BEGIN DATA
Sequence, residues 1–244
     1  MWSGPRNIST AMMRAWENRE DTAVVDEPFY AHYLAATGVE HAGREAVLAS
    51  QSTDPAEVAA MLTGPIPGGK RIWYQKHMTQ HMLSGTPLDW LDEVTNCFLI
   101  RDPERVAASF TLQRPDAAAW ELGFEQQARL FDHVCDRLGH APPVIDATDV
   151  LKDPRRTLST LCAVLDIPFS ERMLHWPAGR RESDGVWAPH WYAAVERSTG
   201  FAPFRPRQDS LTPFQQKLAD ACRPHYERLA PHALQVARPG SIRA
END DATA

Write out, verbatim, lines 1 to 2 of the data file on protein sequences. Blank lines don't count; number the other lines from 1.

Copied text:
Sequence, residues 1–244
     1  MWSGPRNIST AMMRAWENRE DTAVVDEPFY AHYLAATGVE HAGREAVLAS